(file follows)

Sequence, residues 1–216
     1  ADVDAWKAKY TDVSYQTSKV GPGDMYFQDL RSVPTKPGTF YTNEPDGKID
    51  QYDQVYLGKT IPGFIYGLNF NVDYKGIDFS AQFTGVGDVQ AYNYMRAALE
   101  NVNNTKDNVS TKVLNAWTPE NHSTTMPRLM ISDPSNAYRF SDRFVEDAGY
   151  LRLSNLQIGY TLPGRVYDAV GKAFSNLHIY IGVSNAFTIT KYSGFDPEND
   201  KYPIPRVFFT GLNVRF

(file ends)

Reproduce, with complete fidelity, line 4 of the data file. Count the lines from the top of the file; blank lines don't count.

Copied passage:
   101  NVNNTKDNVS TKVLNAWTPE NHSTTMPRLM ISDPSNAYRF SDRFVEDAGY